A group of scientists from Moscow Institute of Physics and Technology (MIPT), the N.D. Zelinsky Institute of Organic Chemistry (RAS), the Institute of Developmental Biology (RAS), and the Institute of Cell Biophysics (RAS) are giving a new approach to novel agents with anticancer activity. They have formed a synthesis of compounds based on compounds extracted from parsley and dill seeds. They have posted their results of the study in the Journal of Natural Products.
The improvement of existing therapies and the search for new innovative approaches are essential components of a quest to treat cancer. The team developed a simple method of producing glaziovianin A and its structural analogs that inhibit the growth of human tumor cells, using feasible building blocks from nature. An evaluation of the agents in vivo using their validated sea urchin embryo assays yielded promising candidates affecting tubulin dynamics, according to MIPT professor Alexander Kiselev.
Chemotherapy is the main current method of medical treatment for cancer. This is the use of antimitotics, which inhibit the growth of cancer cells by disrupting the process of cell division. These cancer cells divide more frequently than normal cells and are more susceptible to effects of antimitotics. Melanoma cells double every 3 days but the number of their healthy progenitors melanocytes increase by 15%, even when cell division is stimulated. Antimitotics bind tubulin and affect microtubule dynamics disrupting cell cycle to result in arrested cell division and therefore selective death.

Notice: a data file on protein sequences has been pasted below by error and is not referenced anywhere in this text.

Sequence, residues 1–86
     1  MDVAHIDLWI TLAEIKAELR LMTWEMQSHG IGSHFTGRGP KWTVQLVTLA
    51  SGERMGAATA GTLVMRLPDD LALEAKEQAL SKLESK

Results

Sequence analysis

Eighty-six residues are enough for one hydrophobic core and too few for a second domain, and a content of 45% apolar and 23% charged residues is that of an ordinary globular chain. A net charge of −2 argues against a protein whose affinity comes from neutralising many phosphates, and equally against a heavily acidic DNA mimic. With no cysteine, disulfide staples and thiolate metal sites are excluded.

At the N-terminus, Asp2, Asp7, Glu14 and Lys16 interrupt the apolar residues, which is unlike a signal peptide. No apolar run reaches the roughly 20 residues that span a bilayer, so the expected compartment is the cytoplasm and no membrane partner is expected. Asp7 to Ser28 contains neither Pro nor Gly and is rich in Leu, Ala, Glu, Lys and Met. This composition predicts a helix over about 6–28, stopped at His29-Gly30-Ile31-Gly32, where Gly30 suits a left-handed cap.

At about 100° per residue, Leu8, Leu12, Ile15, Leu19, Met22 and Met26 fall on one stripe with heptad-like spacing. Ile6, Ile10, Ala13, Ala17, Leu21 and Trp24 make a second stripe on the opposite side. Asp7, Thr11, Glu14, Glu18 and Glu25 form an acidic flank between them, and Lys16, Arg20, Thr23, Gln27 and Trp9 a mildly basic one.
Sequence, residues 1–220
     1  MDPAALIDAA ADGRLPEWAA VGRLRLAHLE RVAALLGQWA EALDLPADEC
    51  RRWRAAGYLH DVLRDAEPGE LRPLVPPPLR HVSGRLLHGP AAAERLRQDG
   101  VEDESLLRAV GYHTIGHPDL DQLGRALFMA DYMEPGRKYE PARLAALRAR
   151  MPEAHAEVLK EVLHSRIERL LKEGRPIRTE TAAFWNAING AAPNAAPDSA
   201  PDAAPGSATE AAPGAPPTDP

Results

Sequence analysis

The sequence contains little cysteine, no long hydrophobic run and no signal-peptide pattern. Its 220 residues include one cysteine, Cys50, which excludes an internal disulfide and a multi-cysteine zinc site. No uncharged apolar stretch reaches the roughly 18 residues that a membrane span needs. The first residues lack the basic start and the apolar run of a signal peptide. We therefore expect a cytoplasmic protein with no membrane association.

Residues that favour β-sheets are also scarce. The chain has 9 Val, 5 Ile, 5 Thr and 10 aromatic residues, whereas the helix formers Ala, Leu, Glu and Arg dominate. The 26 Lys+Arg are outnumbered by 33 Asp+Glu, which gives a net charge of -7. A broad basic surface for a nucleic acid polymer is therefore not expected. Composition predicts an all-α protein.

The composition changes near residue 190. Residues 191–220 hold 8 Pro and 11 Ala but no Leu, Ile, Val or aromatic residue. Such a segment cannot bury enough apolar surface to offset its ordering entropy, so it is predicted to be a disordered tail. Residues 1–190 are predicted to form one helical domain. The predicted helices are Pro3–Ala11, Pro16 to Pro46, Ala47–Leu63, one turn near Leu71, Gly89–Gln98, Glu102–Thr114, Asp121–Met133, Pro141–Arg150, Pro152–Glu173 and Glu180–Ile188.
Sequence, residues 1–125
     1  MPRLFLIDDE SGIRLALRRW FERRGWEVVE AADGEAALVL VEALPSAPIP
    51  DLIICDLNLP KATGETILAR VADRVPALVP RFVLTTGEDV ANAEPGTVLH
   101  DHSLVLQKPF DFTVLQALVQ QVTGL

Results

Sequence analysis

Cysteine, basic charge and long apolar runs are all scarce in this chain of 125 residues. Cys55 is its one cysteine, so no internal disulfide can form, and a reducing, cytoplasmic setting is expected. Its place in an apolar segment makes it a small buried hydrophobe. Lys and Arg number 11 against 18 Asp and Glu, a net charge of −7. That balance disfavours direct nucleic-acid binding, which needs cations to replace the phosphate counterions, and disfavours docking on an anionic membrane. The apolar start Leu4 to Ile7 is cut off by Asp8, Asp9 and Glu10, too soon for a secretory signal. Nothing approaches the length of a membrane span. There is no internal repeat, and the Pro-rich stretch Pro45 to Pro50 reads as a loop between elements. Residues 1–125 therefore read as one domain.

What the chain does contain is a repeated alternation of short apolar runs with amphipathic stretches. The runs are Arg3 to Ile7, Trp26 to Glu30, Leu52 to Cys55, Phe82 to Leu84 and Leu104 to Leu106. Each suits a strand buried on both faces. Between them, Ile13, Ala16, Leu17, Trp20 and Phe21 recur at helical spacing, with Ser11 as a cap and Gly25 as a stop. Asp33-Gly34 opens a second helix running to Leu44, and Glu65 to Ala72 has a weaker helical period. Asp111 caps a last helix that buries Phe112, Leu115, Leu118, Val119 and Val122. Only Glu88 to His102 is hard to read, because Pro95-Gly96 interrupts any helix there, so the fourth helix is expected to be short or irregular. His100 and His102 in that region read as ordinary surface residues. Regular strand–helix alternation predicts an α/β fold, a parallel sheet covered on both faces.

The potent antimitotic agent glaziovianin A, isolated from the leaves of the Brazilian tree, was focused on. The synthesis of this agent is laborious and requires expensive precursors and catalysts. A more efficient six-stage synthesis process was proposed. Precursors for the process were derived from the seeds of common plants, namely parsley and dill. Also a number of analogs were synthesized to help find analogues with favorable antimitotic properties. This activity was tested by two independent methods using the sea urchin embryos and human cancer cells.
The embryos of sea urchins were used to mimic actively dividing cells dependent on tubulin dynamics. Test substances were added to an aqueous medium with the embryos and determined the concentrations at which the rate of division changes and when it comes to a complete stop. The lower the concentration, the greater the antimitotic activity the substance has. By using the embryos, the scientists are able to determine several important parameters essential for an anti-cancer molecule in one shot. This effect can be easily observed using a common light microscope, including a specific antimitotic effect, solubility, overall toxicity and biomembrane permeability.
The antitumor effect of active molecules was studied with various human cancer cells, ex. Lung carcinoma, melanoma, prostate, breast, colon and ovarian cancers. The test substances were effective at limiting the growth of melanoma cells and non-toxic to healthy blood cells used as a control.
-Dr Fredda Branyon